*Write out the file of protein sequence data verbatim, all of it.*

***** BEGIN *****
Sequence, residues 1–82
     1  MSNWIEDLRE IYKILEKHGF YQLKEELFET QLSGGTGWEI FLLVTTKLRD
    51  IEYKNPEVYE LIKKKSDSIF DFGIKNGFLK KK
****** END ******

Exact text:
Sequence, residues 1–82
     1  MSNWIEDLRE IYKILEKHGF YQLKEELFET QLSGGTGWEI FLLVTTKLRD
    51  IEYKNPEVYE LIKKKSDSIF DFGIKNGFLK KK